We can apply structural path analysis at the one-digit NAICS sector detail from social accounts of the US and regional economies to outline the supply chain from a given sector as a flow of products and by-products between sectors to consumers.

The Alward Institute, in collaboration with Dr. Thomas Rutherford and Andrew Schreiber (University of Wisconsin), the Alward Institute has assembled a Computable General Equilibrium Model Array data warehouse. Our CGE Model Array warehouse contains GAMS/MPSGE ready, basic CGE models based on calibrated CGE data sets from our CGE Model Array warehouse.

Using our online array of 3142 county-level I/O models and applying diagonalized vectors of final demand to each model, we can provide improved contribution analysis for all US counties in a way that compares a region's gross and base output (see Figure 1). With this approach, regional competitive advantage can be inferred from the interaction between gross and base measures of output.

The Alward Institute provides access to county-to-county commodity trade flow estimates annually (2004 - present) produced by two (2) types of spatial interaction models. These flow are estimated for commodities between every US county pair.  Regional social accounts are used to calibrate each model.

We are developing interactive analytics and visualizations, and application program interfaces (APIs) for connecting and embedding regional science analytics within extant models that address complex, multi-disciplinary issues. Our online visualization dashboard is expanding rapidly and currently includes:

The Alward Institute, in collaboration with Dr. Thomas Rutherford and Andrew Schreiber (University of Wisconsin), has assembled a Computable General Equilibrium Data Array data warehouse.  Our CGE Data Array warehouse contains GAMS/MPSGE ready data sets derived from the Institute's database of Social Accounts for each US county.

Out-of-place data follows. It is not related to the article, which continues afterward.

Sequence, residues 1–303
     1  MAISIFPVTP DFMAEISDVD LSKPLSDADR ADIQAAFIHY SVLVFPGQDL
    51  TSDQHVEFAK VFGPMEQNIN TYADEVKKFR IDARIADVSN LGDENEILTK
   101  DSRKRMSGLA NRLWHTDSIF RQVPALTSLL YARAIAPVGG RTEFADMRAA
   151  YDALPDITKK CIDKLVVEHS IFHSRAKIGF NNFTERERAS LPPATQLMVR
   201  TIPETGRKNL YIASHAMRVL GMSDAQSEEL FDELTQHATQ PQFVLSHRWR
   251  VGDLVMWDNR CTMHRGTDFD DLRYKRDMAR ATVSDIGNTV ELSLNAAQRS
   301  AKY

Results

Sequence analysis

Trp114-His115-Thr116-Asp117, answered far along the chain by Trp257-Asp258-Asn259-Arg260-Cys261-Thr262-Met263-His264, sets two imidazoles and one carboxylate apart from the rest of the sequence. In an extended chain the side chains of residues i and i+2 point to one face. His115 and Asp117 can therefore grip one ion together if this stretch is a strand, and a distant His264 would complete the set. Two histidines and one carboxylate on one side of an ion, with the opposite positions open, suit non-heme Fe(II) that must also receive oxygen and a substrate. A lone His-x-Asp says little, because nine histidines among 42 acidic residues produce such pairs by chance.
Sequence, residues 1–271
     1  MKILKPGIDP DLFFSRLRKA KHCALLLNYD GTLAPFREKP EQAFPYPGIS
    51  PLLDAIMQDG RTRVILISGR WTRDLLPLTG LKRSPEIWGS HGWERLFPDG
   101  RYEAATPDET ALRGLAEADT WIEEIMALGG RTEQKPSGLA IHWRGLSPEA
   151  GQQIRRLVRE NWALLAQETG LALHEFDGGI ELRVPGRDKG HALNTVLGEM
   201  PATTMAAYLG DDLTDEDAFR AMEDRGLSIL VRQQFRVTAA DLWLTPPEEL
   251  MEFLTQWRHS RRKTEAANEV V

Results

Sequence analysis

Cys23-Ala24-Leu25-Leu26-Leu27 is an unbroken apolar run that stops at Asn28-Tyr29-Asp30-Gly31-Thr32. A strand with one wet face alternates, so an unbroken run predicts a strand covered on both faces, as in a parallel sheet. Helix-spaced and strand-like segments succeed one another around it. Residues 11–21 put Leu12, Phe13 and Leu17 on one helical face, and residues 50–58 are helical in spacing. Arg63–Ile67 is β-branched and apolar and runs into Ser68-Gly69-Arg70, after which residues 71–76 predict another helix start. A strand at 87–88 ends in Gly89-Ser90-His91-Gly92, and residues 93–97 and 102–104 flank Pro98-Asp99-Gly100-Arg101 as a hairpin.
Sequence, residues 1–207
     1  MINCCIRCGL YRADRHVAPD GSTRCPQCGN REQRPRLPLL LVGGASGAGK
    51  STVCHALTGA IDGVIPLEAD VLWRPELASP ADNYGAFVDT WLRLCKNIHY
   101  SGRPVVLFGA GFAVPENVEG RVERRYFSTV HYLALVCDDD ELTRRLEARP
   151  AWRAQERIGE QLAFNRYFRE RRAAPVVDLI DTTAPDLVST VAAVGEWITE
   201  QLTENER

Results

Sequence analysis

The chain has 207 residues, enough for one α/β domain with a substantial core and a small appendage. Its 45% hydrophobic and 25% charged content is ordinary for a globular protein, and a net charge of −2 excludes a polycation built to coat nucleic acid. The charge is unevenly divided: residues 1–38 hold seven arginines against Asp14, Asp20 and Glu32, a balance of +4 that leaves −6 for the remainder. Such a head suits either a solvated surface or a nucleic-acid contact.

The Wisconsin local foods study prepared by the Alward Institute estimates the economic contribution of the state's local food markets by simulating how the state's economy could change if there were no local food markets.


Using an empirically-based economic model, the study first establishes a baseline measurement of the size of the state's existing economy.  Local food sales are then removed from the model in order to measure the economic change that could occur if local food markets no longer existed.  The size of Wisconsin's economy is then re-measured and the difference attributed to the existence of the state's local food markets.

A region’s competitive advantages are in large part based on the strengths of its workforce.  To evaluate the core competencies, Alward Institute deconstructs the employment in the industries in your region into the underlying knowledge, skills, abilities, and education (KSAE) associated with those jobs.  In this way, the analyst is able to get a different and more complete view of the workforce in their region. 

We host web-based meeting places for communities of practice to collaborate on projects, engage on various regional science topics, or facilitate intra-organization working groups. Our online sites include a wide range of services to support collaboration among participants including document management, messaging services, modeling and data analysis tools, and our data warehouse of historical social accounting matrices. Contact us today to build or join an Alward Institute Community of Practice!

To understand the economic implications of natural and human-caused hazards, the Alward Institute for Collaborative Science has created a web-based, interactive disaster map that allows users to model direct and indirect consequences associated with climate change or other types of disasters.